Doctor Strangegrain: Or, How I Learned to Stop Worrying and Love the Cheese

It all started a few weeks ago, when I opened my mailbox to find…a box. Inside was a collection of items I’d known was coming, but for which I was still somewhat unprepared. In the box was a white cotton towel, a sheaf of photocopies held together with a small binder clip and a sandwich-sized Ziploc bag holding what looked like an alarmingly large clump of ear wax.

They were, in fact, kefir grains, and the photocopies were pages from The Art of Natural Cheesemaking: the directions for waking these dormant grains so they would produce a fermented beverage — and, eventually, cheese.

I had my friend George to thank for this. (He has someone else to thank in turn, but he can do that on his own blog if he wishes.) He had some of these grains for a while, started feeding them, and soon he was making kefir milk (actually, the milk is what is called kefir) and then somehow hanging and draining and salting it and turning it into cheese. I must have sounded pretty enthusiastic about his activities, because soon I was informed that my very own SCOBY (Symbiotic Colony of Bacteria and Yeast) would be in the mail.

(n.b.: The term SCOBY naturally made us think of Scooby-Doo, being from “Generation SuperFriends” as we are, but nicknaming the grains Scooby struck us both as being somewhat too much of an obvious joke. So we went with Fred instead, with the consequence that George’s SCOBY is named Fred and mine is Fred Jr. If you’re of our generation, you may share the absurdity of the possibility of a Fred Jr., which underscores the lighthearted character of the entire home-cheesemaking enterprise.)

I received my “cheesemaking kit” on February 1, and decided that I would feed my kefir grains with whole milk, which just seemed right even though it was not required. (Apparently they’ll be happy to be fed with any kind of milk — even skim milk, which many people don’t consider to be any real kind of milk.) Raw milk might have been better, but I don’t have a source for that (more properly, I haven’t tried to find a source for raw milk, though one may well be within walking distance) so I decided to start with whole milk.

Then the milk sat, unopened, in my fridge for so long that its “sell by” date came and went. Reluctantly I decided to get rid of that milk, buy a fresh half-gallon, take a deep breath, and start Fred Jr. on his lactose-exclusive diet.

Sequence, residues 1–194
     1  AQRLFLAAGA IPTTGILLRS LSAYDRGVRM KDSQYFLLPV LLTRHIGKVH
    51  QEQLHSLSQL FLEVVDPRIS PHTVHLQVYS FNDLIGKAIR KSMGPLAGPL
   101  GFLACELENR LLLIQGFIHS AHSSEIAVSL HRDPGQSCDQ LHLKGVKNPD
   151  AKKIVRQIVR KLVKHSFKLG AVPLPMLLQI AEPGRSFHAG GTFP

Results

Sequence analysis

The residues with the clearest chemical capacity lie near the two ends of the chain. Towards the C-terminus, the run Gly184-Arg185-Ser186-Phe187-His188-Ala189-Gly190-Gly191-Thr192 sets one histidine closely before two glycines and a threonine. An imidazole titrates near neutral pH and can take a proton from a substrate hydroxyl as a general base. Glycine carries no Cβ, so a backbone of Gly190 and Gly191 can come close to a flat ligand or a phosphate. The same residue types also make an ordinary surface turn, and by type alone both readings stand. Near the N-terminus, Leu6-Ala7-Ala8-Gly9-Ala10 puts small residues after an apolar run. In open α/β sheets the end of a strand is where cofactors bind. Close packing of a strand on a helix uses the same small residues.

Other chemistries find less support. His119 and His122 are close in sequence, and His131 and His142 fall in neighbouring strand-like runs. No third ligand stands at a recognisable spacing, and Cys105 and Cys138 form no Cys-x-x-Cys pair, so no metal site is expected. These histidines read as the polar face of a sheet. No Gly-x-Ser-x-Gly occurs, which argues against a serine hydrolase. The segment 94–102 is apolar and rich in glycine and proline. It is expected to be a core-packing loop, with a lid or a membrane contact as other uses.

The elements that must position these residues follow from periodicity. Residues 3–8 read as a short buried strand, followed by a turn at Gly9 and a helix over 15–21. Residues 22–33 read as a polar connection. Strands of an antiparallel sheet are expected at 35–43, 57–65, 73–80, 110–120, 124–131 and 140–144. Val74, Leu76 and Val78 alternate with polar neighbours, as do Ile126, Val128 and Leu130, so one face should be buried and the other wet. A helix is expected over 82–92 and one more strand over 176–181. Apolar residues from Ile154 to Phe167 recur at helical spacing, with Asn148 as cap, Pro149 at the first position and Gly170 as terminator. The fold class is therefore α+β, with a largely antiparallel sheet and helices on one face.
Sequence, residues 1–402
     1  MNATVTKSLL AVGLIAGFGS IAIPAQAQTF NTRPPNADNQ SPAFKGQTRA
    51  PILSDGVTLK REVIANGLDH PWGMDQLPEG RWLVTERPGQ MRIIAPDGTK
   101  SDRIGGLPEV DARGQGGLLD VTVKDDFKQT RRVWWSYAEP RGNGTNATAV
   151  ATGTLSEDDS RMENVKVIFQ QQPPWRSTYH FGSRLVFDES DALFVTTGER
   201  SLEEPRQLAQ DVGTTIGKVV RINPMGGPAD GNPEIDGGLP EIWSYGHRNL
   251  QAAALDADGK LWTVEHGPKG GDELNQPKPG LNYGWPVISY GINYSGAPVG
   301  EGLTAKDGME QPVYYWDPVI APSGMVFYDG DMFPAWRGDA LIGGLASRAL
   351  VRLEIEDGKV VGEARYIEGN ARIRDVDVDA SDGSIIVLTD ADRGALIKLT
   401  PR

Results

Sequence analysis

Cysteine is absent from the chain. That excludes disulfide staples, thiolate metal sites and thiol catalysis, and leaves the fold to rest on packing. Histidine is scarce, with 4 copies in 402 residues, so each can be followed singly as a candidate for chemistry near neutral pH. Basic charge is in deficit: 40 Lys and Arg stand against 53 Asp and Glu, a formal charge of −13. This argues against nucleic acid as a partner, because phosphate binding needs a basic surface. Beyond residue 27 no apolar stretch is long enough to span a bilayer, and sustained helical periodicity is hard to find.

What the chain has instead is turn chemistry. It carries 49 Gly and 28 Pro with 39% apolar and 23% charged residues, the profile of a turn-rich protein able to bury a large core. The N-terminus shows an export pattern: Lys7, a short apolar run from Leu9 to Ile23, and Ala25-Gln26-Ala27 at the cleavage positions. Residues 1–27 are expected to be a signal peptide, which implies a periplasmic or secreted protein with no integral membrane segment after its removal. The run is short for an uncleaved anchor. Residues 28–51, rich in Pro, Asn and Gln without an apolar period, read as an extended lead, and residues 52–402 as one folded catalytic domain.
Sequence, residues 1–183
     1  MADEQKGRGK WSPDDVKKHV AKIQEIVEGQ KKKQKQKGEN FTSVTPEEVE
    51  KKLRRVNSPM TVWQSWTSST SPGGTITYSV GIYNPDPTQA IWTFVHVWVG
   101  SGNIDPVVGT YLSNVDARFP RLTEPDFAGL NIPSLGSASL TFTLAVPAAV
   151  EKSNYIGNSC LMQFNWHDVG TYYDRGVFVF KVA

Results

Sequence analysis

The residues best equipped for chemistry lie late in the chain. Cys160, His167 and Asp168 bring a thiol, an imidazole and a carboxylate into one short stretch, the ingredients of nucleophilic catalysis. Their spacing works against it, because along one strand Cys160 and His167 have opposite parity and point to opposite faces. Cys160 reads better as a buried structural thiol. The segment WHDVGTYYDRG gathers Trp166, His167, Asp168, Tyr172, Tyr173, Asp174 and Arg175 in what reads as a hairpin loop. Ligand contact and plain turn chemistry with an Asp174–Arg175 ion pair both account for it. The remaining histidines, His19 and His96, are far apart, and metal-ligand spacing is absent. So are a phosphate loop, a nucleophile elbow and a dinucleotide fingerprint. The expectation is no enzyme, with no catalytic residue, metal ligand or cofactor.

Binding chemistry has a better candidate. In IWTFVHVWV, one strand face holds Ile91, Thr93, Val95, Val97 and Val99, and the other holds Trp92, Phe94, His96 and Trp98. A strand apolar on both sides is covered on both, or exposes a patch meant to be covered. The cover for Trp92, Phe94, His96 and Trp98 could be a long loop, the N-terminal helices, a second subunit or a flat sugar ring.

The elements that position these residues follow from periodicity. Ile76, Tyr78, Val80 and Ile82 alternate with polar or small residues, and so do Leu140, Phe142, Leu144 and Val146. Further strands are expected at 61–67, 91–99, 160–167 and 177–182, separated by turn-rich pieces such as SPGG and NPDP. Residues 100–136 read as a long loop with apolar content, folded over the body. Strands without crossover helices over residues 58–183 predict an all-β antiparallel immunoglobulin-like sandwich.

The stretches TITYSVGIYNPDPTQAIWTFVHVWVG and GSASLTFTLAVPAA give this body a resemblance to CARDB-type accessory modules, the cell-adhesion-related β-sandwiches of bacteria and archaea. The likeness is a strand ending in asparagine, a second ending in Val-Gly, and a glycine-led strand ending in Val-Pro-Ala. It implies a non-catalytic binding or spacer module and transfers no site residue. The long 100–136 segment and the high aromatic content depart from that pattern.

Feeding Fred Jr. turned out to be pretty easy. I’m someone who can really fret over the details when something’s at stake, but this really sounded like a low-risk proposition:

  1. Place kefir grains in a jar.
  2. Pour any kind of milk over the kefir grains.
  3. Put a lid on the jar and leave it alone at room temperature for 24 hours.
  4. Check on the kefir; when it’s “ready,”strain out the milk, drink the milk, and repeat from Step 2.

After the first 24 hours, I drank the milk and didn’t find the taste very strong. It was odd, though; I texted George to inquire as to whether or not the first batch of kefir usually tasted like feet.

The second day, there wasn’t much difference in the milk. It still tasted, basically, like warm milk that had gone just a bit off course. The room temperature is kind of low, I thought. It could just be that the fermentation process will have to take more time — maybe 36 hours instead of 24. That evening I forgot to strain the milk from the grains and re-feed them. When I checked the kefir the next morning, I found that it had, truly, become something else. It was fizzy, a sort of naturally carbonated milk.

So I fed Fred Jr. again, giving his jar a little shake whenever he seemed to be getting too complacent. That’s fine, boy, fizz up, I’m on to you now and I’ve figured out your schedule. Maybe someday we’ll make cheese together, but for now I’ll keep drinking the milk.

This afternoon I took another look at the jar.

I texted George: My next kefir batch appears to have gone mad.
He replied: Go ahead and hang it to dry for a day.

I took another look at the sheaf of photocopies. How hard could this be? What would I have to do, and when would I have to do it? The answers seemed to be, somewhat disconcertingly for me, not much and whenever. Here I wanted to know the details of a structured, scientific plan, and my instructions were just to put the yogurty goop into the cloth and hang it from a wooden spoon until the liquids finally dripped out. Who was running the homemade cheese franchise anyway? A bunch of reckless hippies?

Oh, yeah.

So, tonight I’m trying not to look at my little formerly-filled-with-pasta-sauce glass jar because I might not be ready for the level of coagulation I’ll have to face. But in the morning I might have to come to terms with the fact that I might be on my way to making the cream cheese that will go with my bagels.

Please, if you are thinking of mailing me a mated pair of salmon so I can breed them in the bathtub and start making my own lox — please don’t. Please don’t.

I only have one bathtub.

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